The cosmology of Norse mythology – the places in which the action occurs and their arrangement, you could say – is primarily an invisible, spiritual otherworld, although it overlapped with the Vikings’ physical world in a few cases. The Norse cosmology shares much in common with the cosmologies of other northern Eurasian shamanic traditions, but it presents a unique take on those shared patterns.[1][2]

In the center of the cosmos is the trunk of the mighty, sprawling world-tree Yggdrasil. Within its branches and roots it holds the Nine Worlds, the homelands of the various kinds of invisible beings who populate the Norse otherworld, as well as the world of mankind. While the surviving period sources never explicitly list the homelands that comprise the Nine Worlds, the list can be tentatively reconstructed as follows:

  • Midgard, the home of humanity and human civilization
  • Asgard, the world of the Aesir tribe of gods and goddesses
  • Hel, the world of the eponymous goddess Hel and the dead

Other than the Nine Worlds, there are a few other locations that feature prominently in Norse mythology that are worthy of our consideration here:

  • Valhalla, where some elite warriors chosen by Odin find themselves after death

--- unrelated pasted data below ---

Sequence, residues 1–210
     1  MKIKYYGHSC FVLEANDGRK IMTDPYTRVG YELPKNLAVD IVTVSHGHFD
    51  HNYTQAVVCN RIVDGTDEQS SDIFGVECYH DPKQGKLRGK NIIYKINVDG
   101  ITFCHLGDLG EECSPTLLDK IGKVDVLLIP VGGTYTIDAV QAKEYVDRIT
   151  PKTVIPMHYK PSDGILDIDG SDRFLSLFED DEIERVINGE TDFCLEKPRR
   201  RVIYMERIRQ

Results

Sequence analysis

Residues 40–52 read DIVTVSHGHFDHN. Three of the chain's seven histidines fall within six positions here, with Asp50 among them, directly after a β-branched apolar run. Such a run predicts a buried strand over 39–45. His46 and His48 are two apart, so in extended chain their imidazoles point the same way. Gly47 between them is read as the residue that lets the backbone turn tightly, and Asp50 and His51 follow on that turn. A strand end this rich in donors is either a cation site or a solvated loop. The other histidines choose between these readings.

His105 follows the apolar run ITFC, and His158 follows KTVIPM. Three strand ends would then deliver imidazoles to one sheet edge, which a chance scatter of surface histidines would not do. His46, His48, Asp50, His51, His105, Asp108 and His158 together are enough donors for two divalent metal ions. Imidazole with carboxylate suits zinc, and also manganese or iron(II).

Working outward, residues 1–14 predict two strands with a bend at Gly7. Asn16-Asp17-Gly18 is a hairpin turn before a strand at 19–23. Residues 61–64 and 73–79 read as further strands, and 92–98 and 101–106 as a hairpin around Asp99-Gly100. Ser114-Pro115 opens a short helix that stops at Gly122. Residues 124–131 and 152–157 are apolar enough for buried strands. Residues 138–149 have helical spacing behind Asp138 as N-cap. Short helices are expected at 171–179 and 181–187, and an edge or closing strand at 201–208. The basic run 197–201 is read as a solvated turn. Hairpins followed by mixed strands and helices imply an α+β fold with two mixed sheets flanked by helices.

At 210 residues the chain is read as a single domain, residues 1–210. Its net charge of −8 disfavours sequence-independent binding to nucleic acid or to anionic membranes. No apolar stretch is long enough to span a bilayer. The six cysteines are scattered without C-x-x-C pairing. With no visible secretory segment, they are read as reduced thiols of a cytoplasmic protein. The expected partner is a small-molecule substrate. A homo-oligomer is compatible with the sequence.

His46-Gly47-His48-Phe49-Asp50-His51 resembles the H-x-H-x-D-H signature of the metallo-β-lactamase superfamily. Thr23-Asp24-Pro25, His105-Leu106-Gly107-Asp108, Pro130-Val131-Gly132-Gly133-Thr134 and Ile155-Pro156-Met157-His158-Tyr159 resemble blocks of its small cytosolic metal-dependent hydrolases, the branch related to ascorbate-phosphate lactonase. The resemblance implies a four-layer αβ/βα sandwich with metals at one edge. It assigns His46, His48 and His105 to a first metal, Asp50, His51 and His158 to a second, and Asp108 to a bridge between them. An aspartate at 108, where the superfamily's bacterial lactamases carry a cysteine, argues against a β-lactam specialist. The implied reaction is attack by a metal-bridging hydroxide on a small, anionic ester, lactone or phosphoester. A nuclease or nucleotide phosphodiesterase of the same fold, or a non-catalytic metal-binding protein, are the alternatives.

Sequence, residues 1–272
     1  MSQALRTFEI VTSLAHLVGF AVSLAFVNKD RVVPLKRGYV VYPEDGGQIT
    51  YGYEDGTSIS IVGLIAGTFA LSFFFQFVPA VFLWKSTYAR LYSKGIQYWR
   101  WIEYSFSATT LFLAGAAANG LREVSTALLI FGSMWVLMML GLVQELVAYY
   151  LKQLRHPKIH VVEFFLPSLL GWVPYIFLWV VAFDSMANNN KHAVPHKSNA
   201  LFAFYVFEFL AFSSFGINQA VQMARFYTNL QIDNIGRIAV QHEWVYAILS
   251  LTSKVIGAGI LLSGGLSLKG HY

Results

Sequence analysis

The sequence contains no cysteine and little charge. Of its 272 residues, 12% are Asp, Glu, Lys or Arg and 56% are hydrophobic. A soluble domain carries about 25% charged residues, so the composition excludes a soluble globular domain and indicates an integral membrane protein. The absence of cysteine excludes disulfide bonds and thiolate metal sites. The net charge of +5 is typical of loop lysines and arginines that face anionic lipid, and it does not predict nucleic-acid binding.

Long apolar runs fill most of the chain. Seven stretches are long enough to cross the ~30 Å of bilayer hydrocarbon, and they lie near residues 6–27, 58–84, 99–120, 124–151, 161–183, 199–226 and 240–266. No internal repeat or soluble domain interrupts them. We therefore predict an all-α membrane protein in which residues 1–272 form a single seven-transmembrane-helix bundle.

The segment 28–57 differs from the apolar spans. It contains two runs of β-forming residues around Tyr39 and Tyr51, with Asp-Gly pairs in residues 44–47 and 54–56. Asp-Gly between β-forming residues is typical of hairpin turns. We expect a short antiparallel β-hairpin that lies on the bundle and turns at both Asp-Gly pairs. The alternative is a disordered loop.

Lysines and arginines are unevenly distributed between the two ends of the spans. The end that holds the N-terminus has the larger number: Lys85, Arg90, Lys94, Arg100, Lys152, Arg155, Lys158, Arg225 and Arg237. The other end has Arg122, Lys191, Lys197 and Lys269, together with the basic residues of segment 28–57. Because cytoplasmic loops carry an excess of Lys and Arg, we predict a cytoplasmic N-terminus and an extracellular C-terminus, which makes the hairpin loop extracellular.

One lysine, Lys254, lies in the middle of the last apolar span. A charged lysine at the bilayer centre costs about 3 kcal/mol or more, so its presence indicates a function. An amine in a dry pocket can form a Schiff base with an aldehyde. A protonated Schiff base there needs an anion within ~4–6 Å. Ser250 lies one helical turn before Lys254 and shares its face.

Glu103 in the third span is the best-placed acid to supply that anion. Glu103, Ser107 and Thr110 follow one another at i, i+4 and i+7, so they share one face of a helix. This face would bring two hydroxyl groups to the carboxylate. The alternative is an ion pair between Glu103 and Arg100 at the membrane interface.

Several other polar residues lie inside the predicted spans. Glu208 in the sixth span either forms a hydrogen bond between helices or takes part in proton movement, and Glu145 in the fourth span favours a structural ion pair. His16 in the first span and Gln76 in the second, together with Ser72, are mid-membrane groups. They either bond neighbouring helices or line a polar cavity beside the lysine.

• Folkvang, where Freya, too, receives some of those who die in battle
  • Bifrost, the rainbow bridge that connects Asgard and Midgard
  • Hlidskjalf, the seat where Odin sits to watch what’s going on throughout the worlds

Looking for more great information on Norse mythology and religion? While this site provides the ultimate online introduction to the topic, my book The Viking Spirit provides the ultimate introduction to Norse mythology and religion period. I’ve also written a popular list of The 10 Best Norse Mythology Books, which you’ll probably find helpful in your pursuit.

The Viking Spirit Daniel McCoy


[1] Price, Neil S. 2002. The Viking Way: Religion and War in Late Iron Age Scandinavia.

[2] Eliade, Mircea. 1964. Shamanism: Archaic Techniques of Ecstasy. Translated by Willard R. Trask.

The Ultimate Online Guide to Norse Mythology and Religion